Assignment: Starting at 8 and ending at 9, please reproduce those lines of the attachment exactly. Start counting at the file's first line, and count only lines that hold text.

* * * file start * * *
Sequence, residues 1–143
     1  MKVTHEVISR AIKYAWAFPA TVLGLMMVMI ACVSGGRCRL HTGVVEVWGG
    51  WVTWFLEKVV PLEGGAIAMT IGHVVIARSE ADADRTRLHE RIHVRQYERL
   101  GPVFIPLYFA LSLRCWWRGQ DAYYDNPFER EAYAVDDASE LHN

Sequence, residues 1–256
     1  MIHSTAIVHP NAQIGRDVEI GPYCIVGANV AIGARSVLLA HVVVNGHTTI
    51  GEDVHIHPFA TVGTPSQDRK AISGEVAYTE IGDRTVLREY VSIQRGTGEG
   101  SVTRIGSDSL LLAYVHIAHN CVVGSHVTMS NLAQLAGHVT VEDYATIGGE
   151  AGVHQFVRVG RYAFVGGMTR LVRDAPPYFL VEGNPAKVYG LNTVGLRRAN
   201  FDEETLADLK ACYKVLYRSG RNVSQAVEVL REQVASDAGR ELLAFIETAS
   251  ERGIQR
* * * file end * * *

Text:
   101  SVTRIGSDSL LLAYVHIAHN CVVGSHVTMS NLAQLAGHVT VEDYATIGGE
   151  AGVHQFVRVG RYAFVGGMTR LVRDAPPYFL VEGNPAKVYG LNTVGLRRAN